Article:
About those titles: Yes, they are long. They are playful. He misspells Gandhi’s name, yes. There is something to be said about how André can’t help but use language to both say and obfuscate what he’s feeling. It’s tempting to map some kind of narrative onto instrumental music, particularly something as gauzy and obviously personal as this. You can read the beatific sigh of New Blue Sun as a comment on the relief of anonymity André must feel, or how the safety of a group of like-minded people allows you to take a closer look at the darkness outside. If you don’t look at the tracklist, you can do that. But those song titles deflect your gaze, keep you from taking this stuff too seriously, from reading too much into it. Call it a feint, but it feels like a way of keeping the music light and exciting, of protecting the exploratory spirit that went into its creation.
Despite his lyrical virtuosity, André has always sought out what a song needs; consider the way the back half of “B.O.B” is given over to gospel rave, or how “SpottieOttieDopaliscious”’ ineffable hook is a wordless trumpet line. Here, he’s doing the same thing, moving carefully and only asserting himself when it feels right. He tests “The Slang Word” out for vulnerabilities, teasing at its fabric with his flute, picking lightly lest he rip the seam. Armed with his contrabass flute in “That Night In Hawaii When I Turned Into A Panther And Started Making These Low Register Purring Tones That I Couldn’t Control … Sh¥t Was Wild,” he’s much more confident. He slurs like Rahsaan Roland Kirk, tweets like Eric Dolphy, sets up a melody, then liquidates it and lets it simmer against the muted vibration of Deantoni Parks’ drum.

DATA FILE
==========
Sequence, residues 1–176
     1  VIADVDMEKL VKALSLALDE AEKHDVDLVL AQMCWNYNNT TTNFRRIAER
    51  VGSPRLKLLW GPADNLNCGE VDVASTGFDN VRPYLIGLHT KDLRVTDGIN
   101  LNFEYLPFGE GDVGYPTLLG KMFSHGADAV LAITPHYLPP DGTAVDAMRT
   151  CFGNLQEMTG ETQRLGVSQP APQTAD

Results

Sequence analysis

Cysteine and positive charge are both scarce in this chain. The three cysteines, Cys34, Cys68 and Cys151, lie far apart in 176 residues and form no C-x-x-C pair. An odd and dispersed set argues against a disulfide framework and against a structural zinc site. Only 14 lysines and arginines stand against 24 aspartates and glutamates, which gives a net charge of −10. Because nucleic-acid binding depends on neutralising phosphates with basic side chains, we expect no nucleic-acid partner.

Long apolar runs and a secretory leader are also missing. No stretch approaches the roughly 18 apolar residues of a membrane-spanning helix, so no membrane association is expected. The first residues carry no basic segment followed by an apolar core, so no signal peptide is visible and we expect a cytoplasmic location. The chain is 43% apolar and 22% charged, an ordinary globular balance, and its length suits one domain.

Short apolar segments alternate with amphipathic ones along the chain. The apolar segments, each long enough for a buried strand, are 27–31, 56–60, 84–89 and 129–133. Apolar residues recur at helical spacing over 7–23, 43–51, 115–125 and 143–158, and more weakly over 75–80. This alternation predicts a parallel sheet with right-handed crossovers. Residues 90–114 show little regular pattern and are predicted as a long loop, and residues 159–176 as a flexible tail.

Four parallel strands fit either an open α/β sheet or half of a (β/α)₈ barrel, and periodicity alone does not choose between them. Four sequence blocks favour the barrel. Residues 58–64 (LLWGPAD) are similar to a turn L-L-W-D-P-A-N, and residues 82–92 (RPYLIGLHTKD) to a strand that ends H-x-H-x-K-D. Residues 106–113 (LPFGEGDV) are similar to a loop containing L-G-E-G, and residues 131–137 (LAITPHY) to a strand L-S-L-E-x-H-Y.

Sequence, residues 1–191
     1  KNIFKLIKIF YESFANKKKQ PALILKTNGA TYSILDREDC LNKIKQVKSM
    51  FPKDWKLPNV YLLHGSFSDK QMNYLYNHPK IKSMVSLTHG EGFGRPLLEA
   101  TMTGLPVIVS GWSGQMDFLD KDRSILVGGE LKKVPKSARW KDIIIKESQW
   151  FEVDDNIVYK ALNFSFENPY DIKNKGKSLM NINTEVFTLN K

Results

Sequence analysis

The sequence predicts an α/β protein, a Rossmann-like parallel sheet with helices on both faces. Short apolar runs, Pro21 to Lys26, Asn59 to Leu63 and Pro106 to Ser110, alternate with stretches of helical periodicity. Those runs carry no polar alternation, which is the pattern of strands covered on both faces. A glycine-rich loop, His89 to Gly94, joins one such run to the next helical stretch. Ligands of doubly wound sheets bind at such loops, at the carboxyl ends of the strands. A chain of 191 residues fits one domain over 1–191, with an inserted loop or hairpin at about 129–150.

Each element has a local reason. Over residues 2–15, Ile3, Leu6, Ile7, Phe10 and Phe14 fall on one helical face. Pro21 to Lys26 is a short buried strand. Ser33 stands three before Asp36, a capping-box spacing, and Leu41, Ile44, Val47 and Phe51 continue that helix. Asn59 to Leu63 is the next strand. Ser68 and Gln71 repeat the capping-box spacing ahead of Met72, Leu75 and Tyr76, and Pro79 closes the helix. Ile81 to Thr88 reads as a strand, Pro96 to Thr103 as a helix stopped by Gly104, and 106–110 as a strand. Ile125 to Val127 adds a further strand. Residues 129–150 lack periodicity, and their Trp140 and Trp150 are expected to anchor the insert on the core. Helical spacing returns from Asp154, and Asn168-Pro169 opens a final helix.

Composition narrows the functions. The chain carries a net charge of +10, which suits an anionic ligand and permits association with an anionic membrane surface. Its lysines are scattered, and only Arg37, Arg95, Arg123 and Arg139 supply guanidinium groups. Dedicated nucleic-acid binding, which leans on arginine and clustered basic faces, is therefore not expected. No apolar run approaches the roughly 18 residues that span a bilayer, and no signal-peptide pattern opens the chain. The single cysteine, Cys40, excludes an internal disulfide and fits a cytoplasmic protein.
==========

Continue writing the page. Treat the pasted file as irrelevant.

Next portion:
Parks, like the rest of the ensemble, is a full participant in the creation of this music, and throughout New Blue Sun, the other instrumentalists show off their ability to spontaneously birth new sounds. In “Ninety Three ’Til Infinity and Beyoncé,” Matthewdavid scrapes and smears crusty grains of noise thick as wheatpaste across the track and Botofasina brings to mind Laraaji’s Vision Songs, Vol. 1 with his homey basement organ in “The Slang Word.” Then there’s Diego Gaeta, whose slowly turning piano runs in “Ghandi, Dalai Lama, Your Lord & Savior J.C. / Bundy, Jeffrey Dahmer, And John Wayne Gacy” are the rotator in the gyroscope, a counterweight that keeps everything from tumbling. He flirts with dreamy realization, pumps a bit of gospel, then slides into a resigned darkness, barely touching the keys; the way his playing sits like a glass turned over the buzzing fly of André’s melody brings New Blue Sun closer to the tragic experiments of Tim Hecker’s Ravedeath, 1972 than jazz or new age.